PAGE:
Rani Velu Nachiyar was the first ever female warrior to challenge the British Empire in the Indian War of Independence. As such, she redefined the role of women within the Indian freedom fighting revolution. With the majority of men at the time behind bars, she mobilized a women’s artillery. This army was named Udayaal in honour of the Rani’s adopted daughter, who died after detonating a British arsenal. Veluni Nachiyar is also credited to have created the first human suicide attack: Kuyili, a female soldier, doused herself in oil, entered a British-owned ammunitions storage, and destroyed the facility by self-immolation.
News Release: CTYA Stands in Solidarity with the Jaffna Students protesting the decision to defer the release of the UNHRC reportBy Editor - February 24th, 2015
The Canadian Tamil Youth Alliance (CTYA) strongly disagrees with the latest UN decision to defer the release of the investigation into the mass crimes committed by the Sri Lankan state against the Tamil people. The UN has continued to fail the Tamil community in search for accountability through international measures, as this deferral is a direct denial of human rights and justice.
Today’s #TalentTuesday features Ramya Jegatheesan who is a freelance writer, editor, photographer and documentary filmmaker to name a few talents. Amongst her accomplishments are working on the award-winning film, The Creator’s Game: The Quest for Gold and the Fight for Nationhood, which premiered at the ImagiNative Film Festival in the fall of 2011, and won the Viewer’s Choice and Naish McHugh Emerging Filmmaker’s Award at the Toronto Urban Film Festival for Footprints in 2012. Her most recent documentary, The Playful City, screened at the 2013 COMMFFEST Community Film Festival (where it won an Honourable Mention) and at the 2013 Regent Park Film Festival.
Being an Arts and Science Major, Tanya was enrolled in a wide variety of courses—Writing and Informal Logic, Calculus, Climate Change & Global Warming, and Biological Processes were a few on her course list this term. Breathing heavily, Tanya ran down the corridor of GBS (George Benjamin Science Building), and found room 145. She looked down at her phone, and saw that it was now 8:37 am. “Great, I’m late to my first class on my first day of University. There’s only like five billion people in there. What a way to be remembered,” Tanya sighed.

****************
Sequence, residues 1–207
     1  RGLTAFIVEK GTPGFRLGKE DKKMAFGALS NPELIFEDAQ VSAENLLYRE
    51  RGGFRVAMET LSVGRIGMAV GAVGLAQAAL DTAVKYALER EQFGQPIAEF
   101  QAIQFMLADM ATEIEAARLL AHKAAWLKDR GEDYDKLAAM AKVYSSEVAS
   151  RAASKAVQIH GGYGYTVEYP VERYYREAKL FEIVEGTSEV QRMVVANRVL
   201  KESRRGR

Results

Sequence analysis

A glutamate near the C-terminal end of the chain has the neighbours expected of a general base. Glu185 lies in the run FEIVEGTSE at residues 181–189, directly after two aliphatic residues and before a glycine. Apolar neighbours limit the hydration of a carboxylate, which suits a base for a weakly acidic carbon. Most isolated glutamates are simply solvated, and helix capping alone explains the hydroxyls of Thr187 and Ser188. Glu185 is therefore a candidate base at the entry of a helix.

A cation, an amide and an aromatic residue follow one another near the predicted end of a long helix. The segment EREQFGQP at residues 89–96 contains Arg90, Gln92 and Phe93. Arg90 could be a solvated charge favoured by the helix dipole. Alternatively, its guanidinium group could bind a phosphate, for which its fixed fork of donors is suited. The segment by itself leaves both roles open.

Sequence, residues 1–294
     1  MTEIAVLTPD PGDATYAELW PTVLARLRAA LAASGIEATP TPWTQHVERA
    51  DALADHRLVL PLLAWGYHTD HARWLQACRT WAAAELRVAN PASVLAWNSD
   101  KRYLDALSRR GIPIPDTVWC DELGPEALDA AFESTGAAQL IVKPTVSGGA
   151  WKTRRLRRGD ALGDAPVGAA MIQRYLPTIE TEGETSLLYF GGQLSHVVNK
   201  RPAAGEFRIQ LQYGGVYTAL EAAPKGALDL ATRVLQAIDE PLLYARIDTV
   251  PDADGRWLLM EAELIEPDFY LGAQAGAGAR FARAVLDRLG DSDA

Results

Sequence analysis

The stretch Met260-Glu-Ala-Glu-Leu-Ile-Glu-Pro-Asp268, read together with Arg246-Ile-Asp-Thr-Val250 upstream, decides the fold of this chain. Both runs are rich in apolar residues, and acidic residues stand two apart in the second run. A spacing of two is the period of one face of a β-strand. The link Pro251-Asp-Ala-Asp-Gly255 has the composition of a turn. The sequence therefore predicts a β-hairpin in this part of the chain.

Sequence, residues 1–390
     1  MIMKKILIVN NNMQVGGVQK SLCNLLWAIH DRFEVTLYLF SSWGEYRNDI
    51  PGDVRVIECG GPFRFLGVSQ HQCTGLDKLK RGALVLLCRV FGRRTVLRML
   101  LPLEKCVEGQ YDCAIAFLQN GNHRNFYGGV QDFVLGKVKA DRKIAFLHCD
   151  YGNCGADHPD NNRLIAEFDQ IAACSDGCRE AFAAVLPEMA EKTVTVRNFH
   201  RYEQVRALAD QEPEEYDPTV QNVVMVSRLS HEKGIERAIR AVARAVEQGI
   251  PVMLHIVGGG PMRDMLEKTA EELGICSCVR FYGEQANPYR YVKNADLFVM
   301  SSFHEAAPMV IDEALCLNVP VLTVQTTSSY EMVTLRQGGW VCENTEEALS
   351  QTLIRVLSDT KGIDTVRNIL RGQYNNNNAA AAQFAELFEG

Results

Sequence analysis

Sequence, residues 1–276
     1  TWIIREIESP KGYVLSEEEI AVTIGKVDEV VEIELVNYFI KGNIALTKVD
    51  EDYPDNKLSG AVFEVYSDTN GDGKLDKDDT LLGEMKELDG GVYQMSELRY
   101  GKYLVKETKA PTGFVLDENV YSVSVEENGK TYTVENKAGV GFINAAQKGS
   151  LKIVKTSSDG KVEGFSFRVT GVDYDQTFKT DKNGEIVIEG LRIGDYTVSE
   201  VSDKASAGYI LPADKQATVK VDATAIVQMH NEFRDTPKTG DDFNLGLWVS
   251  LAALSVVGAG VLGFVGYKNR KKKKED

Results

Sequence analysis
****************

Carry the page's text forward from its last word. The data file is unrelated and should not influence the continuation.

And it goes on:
Tanya slowly opened the lecture hall door, and prayed that her professor wouldn’t make a scene. She tip-toed up the staircase in the center of the hall, and scanned the room for an empty seat. She didn’t make it very far, before she began attracting everyone’s attention.
“Welcome to your first lecture in Writing and Informal Logic, otherwise known as ENGLISH 1Q03. Today we will be cov—”, the professor paused mid-way as he began his lecture. Tanya slowly turned around, and was met by his fuming expression.
An enforced disappearance is defined as: “the arrest, detention, abduction or any other form of deprivation of liberty by agents of the State”iii. Sri Lanka has the second highest number of enforced disappearances in the world – the first being Iraq.
The Sri Lankan state uses a policy of enforced disappearances against those who are critical of its genocide on the Eelam Tamil population. Sri Lankan state agents, such as the police and army, use a broad network of white vans and secret detention centres to abduct Tamils from their homes, on the street, in hospitals or checkpoints. Tamil journalists, activists and students are often targeted. Enforced disappearances are used as a way to send a message to the wider Tamil community, a warning to anyone who may have been considering speaking out against the state’s oppression.